The world watched helplessly as thousands of New Orleanians were caught in the wake of Hurricane Katrina. While some blamed public officials for not responding soon enough, others blamed the victims for not evacuating when they knew the hurricane’s arrival was imminent. One fundamental insight of social science is to understand the illogic of blaming the victim (Ryan 1976). Without understanding social stratification in the city of New Orleans – a city with one of the highest levels of income inequality in our country – it is difficult to understand the strategies people employed to survive the storm and that they are using to restart their lives in its aftermath. Inequality in education and income, residential segregation, and discrimination contribute not only to social stratification among individuals, but also to stratification between social networks – that is, the group of family, friends, and associates to which people can turn for help. Both factors shaped people’s strategies to leave New Orleans or not, and how they are rebuilding their lives in the hurricane’s aftermath.
New Orleans is a city in which 27.9 percent of residents live below the poverty line, 11.7 percent are age 65 or older, only 74.7 percent are high school graduates and 27.3 percent of households do not have cars. Furthermore, a larger than average percentage of residents have disabilities: 10.3 percent of 5-20 year olds, 23.6 percent of 21-64 year olds, and 50.1 percent of those age 65 and older have disabilities according to the 2000 U.S. census. In addition, 77.4 percent of New Orleans residents were born in Louisiana and have lived most of their lives there. These statistics alone go far to explain why tens of thousands of the 500,000 residents of New Orleans did not evacuate; in so many ways they were more rooted in place than the average American. The fact that 67.3 percent of the residents are African-American was only the most visually apparent of all these statistics (U.S. Census, 2004).1Comparable statistics for the U.S. as a whole are as follows: 10.9 percent of U.S. residents live at or below the poverty line, 12.4 percent are age 65 or older, 80.3 percent are high school graduates, 9.4 percent of householders do not own cars, and 8.1 percent of 5-20 year olds, 19.2 percent of 21-64 year olds, and 41.9 percent of those 65 and older have disabilities. In the U.S., 60.0 percent of the population lives in their state of birth and 12.3 percent are African-American. New Orleanians’ plans for evacuation were strongly shaped by their income-level, age, access to information, access to private transportation, their physical mobility and health, their occupations and their social networks outside of the city. These social characteristics translated into distinct evacuation strategies for different sectors of the population.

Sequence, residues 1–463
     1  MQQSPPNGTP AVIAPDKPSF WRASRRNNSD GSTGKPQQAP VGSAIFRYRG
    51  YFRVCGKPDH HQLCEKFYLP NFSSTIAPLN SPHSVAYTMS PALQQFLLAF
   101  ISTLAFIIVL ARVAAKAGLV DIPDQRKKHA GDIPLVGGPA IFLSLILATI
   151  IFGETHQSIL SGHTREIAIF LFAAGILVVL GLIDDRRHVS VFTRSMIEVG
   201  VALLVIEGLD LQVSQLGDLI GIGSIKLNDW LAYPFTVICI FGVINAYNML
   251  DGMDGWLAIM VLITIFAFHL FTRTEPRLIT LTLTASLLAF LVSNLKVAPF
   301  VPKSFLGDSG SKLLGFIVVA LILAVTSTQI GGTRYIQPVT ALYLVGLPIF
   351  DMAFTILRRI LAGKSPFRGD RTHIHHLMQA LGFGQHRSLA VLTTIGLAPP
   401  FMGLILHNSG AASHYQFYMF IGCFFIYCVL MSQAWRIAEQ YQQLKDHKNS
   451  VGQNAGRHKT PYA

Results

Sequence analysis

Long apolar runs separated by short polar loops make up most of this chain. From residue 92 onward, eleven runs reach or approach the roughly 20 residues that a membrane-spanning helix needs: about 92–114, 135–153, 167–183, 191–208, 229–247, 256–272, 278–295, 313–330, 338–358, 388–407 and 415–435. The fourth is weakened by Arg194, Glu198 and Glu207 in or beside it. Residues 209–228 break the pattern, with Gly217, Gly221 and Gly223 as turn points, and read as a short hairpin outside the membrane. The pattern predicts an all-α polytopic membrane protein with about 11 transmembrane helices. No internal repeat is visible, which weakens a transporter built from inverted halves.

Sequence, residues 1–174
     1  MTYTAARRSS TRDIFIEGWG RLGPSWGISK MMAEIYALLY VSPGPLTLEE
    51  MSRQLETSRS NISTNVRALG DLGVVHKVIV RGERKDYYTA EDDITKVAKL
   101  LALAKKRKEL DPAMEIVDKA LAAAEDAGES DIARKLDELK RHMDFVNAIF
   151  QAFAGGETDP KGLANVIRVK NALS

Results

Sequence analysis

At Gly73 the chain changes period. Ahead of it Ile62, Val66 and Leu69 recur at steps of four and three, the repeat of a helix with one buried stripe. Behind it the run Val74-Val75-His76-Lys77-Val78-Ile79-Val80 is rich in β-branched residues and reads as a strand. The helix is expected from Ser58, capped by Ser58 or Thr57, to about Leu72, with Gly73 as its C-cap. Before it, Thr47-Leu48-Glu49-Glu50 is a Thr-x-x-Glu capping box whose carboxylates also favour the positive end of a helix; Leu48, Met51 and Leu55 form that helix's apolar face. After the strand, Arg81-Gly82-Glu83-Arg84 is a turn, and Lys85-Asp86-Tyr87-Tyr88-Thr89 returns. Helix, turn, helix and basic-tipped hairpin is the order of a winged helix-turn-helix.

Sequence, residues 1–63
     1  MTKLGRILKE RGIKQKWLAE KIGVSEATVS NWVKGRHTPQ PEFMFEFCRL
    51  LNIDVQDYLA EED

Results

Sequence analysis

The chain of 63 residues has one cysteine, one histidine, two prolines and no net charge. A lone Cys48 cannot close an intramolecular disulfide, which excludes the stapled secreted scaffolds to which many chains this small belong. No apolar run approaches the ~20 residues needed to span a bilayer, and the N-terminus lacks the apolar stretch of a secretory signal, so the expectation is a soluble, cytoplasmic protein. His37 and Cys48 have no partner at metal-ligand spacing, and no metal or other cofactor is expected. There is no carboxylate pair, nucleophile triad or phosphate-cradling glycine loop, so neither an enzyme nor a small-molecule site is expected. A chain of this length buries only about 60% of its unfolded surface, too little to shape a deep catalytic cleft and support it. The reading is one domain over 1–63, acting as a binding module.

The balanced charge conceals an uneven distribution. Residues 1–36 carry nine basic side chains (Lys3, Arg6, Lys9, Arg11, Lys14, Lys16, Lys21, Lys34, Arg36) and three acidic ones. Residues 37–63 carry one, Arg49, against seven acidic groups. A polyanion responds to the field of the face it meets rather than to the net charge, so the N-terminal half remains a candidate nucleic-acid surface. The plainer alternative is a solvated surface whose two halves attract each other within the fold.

Leaving or staying
The evacuation strategies of most upper and middle-income residents were quite straightforward: make a hotel reservation or arrange a visit with out-of-town friends and family, board the house windows if you can, pack the car, get some cash and leave town. These residents most often evacuated during the voluntary or mandatory evacuation period in the 24 to 48 hours before the storm was predicted to hit. For this group, the costs of leaving on Saturday were lower with respect to missing work or school since the storm was projected to arrive on Monday. They were likely to have been informed by television, radio, internet, e-mail, or telephone of the hurricane’s projected path long before it arrived. Nevertheless, the majority of those evacuating waited until Sunday to leave (Anderson 2005). Indeed, riding out the storm is an old New Orleans tradition. In the past, many better-off New Orleanians have chosen to stay in the city during hurricanes, evacuating “vertically” to the upper floors of the downtown hotels. As Hurricane Katrina approached, however, hotel officials denied them their rooms and encouraged them to leave of their own volition (Mowbray 2005).